What we need is whole life holistic carbon assessment as Net Zero Whole Life is a big challenge but Net Zero in operation is achievable and here NOW. If the industry is to achieve this then the routes to success include, early engagement, collaborative working and harness innovation and best practice, design for real world operations, validate in-use performance against design expectation, embed lessons to future projects and finally robust due diligence in removing impacts, not shifting them.

The National Federation of Builders and the Builders Merchants Federation both provide excellent viewpoints and projections on these challenges.  We understand that while the market is no longer experiencing the extremely high levels of demand seen earlier in the year, and UK manufacturers remain at full production capacity, demand continues to outstrip supply for certain products, particularly those being imported. 

Activity across the infrastructure, commercial and new housebuilding sectors continues unabated, however, and will likely remain so into the first half of 2022.  Reports from larger housebuilders and contractors suggest that while a variety of product shortages persist, the situation for most remains manageable.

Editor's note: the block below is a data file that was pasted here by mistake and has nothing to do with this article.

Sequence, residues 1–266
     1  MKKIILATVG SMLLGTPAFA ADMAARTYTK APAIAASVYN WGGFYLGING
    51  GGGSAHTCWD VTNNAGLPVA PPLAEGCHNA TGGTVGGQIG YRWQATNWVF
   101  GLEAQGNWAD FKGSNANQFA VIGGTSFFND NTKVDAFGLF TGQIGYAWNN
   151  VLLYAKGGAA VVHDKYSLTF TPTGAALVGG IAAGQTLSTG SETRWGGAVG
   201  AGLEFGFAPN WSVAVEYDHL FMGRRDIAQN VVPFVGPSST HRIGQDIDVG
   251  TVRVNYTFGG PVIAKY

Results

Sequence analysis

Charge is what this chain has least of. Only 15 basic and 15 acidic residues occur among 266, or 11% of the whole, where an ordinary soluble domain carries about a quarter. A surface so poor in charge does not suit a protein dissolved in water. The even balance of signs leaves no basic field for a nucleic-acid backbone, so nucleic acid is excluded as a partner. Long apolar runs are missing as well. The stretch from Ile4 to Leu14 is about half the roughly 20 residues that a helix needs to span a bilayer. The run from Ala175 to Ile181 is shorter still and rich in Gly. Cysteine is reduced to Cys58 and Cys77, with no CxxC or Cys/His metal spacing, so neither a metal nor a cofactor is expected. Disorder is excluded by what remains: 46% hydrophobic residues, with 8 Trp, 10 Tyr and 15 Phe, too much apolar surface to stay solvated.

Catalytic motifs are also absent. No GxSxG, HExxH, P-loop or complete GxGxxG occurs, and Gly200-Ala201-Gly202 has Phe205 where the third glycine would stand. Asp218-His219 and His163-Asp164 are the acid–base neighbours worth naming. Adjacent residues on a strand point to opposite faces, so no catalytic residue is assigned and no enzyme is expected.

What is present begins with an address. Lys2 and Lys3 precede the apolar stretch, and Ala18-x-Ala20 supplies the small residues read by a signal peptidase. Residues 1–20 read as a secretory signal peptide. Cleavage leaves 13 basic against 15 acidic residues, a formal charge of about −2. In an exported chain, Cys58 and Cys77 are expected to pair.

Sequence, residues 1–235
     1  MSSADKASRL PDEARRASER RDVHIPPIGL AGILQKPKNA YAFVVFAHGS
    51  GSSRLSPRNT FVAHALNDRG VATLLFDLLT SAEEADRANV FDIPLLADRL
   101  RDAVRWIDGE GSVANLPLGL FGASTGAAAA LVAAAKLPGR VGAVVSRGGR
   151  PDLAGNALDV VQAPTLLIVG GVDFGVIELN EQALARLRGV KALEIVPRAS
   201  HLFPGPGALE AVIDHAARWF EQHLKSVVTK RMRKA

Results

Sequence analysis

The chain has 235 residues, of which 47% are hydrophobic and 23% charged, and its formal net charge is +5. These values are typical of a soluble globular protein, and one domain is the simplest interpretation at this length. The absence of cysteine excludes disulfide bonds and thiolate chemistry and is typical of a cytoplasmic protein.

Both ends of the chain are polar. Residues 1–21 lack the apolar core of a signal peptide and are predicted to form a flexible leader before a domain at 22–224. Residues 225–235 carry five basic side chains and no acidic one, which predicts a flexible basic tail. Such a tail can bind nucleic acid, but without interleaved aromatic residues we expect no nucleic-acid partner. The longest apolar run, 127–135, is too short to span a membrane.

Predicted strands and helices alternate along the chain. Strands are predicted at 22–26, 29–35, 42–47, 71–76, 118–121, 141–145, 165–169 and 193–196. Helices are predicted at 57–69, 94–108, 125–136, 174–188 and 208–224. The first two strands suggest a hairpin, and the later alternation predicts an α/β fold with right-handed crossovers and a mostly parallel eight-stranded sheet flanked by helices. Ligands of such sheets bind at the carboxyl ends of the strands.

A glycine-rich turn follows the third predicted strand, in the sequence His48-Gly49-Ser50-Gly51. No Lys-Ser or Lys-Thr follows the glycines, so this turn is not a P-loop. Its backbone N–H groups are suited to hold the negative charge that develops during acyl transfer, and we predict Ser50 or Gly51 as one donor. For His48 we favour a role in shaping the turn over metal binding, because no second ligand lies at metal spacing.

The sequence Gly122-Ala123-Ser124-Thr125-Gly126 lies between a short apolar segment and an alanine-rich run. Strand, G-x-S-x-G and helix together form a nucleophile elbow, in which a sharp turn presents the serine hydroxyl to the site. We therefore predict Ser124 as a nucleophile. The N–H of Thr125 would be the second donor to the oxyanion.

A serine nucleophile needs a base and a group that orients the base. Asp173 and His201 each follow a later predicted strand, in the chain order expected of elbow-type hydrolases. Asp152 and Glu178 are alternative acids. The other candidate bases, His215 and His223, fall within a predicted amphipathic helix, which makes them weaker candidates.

Brick supply presents a longer-term issue, and imported products are helping to meet a shortfall in current UK capacity until new lines come on stream in 2023 and 2024.  The Brick Development Association suggests that with demand expected to remain high, lead times will be an issue for the coming year. 

For builders to ensure that they get the bricks they need, particularly if they are seeking non-stock bricks, they will have to work more closely with the brickmakers to ensure availability and to mitigate delays in delivery.  While this may require flexibility around choice and specification, quantities should be sufficient to meet demand. Consistently high demand over the past 18 months has also made it difficult for block manufacturers to build the level of stocks required to maintain regular supply throughout the year. Manufacturers are seeking to build stocks over the coming winter months while building sites are typically less active. Nonetheless, demand from new housebuilding is expected to put supply of blocks under pressure in early 2022.